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My View: Join walk, shine light on mental illness

May is National Mental Health Month, and on this Sunday, the Oregon Chapter of the National Alliance on Mental Illness will host its 12th annual NAMI Northwest Walk in Portland to bring mental illness out from the shadows.

An estimated one in four Americans is affected by mental illness, directly or indirectly. The saddest way to be affected is by the suicide of a loved one or colleague.

Nationally, there is one suicide every 13 minutes. In Oregon, more people die by suicide than from auto accidents, HIV/AIDS and homicide combined. In 2012, 700 Oregonians took their lives, approximately 200 more than those who died from breast cancer.

Mental illness is linked to changes in brain chemistry in the later teenage years, changes that occur normally, but sometimes go wrong. Contributing causes also may include traumatic stress, genetics and physical injuries.

Yet mental illness can be managed for a successful life, as exemplified by news anchor Jane Pauley, musician Billy Joel and Nobel Prize mathematician John Nash — all of whom have publicly acknowledged living with mental illness.

If mental illness can be controlled, why do we have such a high suicide rate? One answer is that mental illness is still in the shadows, the subject of persistent stigma. Many people, especially teenagers and young adults, are deterred from speaking out. They fear that if they ask for help, their friends, employers and families may shun them.

More than 2,750 walkers came to the NAMI Walk last year from Oregon and Southwest Washington to end that stigma. All of us have walked in the past or will walk this year. We walk because we have experienced mental illness and its impacts upon our families, neighbors and colleagues. We walk because we love someone who suffers from or has died from brain illnesses.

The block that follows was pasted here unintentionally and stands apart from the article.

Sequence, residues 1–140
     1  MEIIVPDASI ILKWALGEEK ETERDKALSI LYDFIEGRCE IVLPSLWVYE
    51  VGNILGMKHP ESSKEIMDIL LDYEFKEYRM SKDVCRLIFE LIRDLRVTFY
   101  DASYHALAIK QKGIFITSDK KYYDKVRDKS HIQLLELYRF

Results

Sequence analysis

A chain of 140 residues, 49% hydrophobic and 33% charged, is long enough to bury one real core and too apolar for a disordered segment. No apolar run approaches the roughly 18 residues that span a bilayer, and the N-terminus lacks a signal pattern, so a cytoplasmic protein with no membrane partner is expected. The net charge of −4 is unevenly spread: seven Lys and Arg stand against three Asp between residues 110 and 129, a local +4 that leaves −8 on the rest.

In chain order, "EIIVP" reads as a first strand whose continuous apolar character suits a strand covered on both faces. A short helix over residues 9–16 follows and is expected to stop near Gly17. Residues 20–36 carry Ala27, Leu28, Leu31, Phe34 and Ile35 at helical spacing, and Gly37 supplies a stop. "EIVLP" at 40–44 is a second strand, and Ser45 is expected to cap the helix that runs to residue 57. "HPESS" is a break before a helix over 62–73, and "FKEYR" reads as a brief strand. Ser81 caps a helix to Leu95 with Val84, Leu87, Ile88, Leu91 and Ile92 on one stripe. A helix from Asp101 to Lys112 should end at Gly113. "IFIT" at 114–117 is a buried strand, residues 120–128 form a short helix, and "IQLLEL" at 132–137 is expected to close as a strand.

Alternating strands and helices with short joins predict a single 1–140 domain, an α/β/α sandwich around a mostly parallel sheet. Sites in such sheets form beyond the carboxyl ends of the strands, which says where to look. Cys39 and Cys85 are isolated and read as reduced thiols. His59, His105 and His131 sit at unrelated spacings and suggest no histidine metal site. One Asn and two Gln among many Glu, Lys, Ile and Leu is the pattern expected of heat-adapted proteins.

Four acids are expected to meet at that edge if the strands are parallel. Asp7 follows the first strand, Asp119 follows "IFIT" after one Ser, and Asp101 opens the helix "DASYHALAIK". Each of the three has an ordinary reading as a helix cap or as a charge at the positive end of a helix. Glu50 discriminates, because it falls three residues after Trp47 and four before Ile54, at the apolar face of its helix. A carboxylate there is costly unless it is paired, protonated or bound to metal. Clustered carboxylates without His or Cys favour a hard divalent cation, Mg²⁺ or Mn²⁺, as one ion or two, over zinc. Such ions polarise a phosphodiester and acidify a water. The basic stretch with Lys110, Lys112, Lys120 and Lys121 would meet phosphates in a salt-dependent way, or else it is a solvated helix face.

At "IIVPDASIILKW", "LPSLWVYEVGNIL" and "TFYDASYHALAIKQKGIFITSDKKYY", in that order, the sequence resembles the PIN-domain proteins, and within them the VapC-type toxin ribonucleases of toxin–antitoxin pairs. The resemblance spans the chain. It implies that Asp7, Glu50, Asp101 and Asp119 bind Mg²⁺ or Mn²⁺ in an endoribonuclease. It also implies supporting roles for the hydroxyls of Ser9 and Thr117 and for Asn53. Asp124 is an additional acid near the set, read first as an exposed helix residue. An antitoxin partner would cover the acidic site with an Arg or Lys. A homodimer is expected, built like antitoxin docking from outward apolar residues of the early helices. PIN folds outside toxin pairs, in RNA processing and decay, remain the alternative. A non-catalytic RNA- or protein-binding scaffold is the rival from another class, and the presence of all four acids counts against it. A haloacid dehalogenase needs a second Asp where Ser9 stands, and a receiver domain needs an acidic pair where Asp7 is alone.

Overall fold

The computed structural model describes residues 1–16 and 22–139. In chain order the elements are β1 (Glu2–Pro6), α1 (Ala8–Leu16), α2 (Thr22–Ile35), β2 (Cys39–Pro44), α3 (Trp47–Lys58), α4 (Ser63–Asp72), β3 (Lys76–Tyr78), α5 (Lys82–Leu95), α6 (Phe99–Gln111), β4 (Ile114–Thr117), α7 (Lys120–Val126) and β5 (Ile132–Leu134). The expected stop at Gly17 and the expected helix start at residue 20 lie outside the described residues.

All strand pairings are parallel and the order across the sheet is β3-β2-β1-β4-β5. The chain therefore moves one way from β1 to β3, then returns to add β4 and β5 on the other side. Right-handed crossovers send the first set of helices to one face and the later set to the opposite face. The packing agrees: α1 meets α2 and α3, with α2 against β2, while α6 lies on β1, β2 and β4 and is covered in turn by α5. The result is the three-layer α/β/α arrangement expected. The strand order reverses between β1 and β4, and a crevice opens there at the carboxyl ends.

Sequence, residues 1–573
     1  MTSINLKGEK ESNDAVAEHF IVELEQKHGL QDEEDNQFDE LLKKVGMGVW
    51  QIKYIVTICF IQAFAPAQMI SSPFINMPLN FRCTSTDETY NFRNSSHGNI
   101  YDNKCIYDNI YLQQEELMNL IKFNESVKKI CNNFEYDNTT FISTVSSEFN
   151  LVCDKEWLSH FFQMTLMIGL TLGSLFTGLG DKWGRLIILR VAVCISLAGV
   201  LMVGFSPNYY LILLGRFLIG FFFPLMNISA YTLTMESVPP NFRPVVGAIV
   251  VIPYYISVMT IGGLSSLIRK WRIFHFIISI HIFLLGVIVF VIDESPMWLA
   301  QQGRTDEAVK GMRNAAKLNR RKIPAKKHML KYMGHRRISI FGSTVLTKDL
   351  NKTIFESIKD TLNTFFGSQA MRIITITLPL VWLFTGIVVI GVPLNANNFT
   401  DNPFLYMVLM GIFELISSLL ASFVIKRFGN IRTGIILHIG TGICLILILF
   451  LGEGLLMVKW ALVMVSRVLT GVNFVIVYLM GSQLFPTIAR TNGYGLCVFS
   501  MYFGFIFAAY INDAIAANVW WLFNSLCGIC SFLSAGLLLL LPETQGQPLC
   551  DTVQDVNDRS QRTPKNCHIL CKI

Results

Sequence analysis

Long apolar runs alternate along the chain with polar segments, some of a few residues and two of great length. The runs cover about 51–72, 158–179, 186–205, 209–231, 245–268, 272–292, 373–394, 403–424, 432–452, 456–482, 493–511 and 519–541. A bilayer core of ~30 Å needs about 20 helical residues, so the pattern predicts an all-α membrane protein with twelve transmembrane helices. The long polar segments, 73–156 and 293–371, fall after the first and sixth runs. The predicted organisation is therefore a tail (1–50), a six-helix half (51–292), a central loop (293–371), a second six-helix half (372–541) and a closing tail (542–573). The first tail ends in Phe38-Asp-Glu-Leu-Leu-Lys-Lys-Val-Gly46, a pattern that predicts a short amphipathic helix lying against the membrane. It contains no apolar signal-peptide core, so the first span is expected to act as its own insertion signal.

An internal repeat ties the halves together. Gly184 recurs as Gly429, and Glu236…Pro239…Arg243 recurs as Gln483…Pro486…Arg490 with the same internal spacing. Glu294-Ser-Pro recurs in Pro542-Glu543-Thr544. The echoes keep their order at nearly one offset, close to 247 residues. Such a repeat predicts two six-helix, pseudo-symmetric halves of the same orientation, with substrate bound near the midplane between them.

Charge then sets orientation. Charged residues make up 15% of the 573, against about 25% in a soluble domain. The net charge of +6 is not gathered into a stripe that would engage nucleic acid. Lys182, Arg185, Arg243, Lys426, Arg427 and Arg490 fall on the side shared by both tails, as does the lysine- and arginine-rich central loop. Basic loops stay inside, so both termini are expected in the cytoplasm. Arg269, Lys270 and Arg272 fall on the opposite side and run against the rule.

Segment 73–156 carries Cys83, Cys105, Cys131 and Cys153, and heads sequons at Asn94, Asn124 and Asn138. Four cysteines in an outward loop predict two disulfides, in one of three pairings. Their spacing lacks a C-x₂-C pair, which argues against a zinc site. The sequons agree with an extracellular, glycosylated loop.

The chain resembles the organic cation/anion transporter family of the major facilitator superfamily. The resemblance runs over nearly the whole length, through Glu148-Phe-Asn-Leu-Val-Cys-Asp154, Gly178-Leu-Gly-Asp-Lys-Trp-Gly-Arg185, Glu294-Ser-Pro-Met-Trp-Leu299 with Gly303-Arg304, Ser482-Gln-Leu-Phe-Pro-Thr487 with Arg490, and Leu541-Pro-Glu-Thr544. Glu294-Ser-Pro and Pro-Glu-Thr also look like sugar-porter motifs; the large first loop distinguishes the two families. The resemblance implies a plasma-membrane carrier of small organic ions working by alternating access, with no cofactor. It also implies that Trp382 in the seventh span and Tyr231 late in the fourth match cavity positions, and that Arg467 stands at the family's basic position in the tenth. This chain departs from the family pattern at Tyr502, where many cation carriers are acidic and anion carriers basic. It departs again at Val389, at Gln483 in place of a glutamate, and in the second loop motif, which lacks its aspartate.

We walk to remember Jerry’s daughter Susanna, Alissa’s uncle Kimball, and friends Graham and Steve. We walk in thankfulness for their presence in our lives and in gratitude that our list of personal losses is not

longer. We walk to show that people care about the struggles endured in experiencing an illness that is devastating and often stigmatized, as was cancer 50 years ago.

We walk to promote health, housing and human service policies that help those experiencing mental illness to lead productive lives that enrich our families and our communities. We walk to inform others of the community resources to support people who live with mental illness and their families. We walk to encourage families to seek greater information from providers to help those they love so much.

We walk to raise money for NAMI, an organization that does not charge for helping others. Most of all, we walk to bring mental illness out of the shadows and make people aware that there is help — and hope.

Please join us at noon Sunday, May 18, under the Hawthorne Bridge near the Vera Katz statue. There is a bumper sticker that reads: “Reach Out, Check in, Save a Life.” Please take that phrase to heart. We are all in this together.

Jerry Gabay, whose daughter took her life four years ago just after turning 21, is a member of the NAMI Oregon Board of Directors, co-chair of Providence Health Systems Community Behavioral Health Collaborative, and co-recipient of the 2013 Access Award given by the Oregon Psychiatric Association for achievement in improving access to mental health care; state Reps. Alissa Keny-Guyer, Joe Gallegos, Lew Frederick, and Carolyn Tomei have pursued advanced degrees in public health, social work or communications, have served on the House Human Services Committee, and are passionate about improving mental health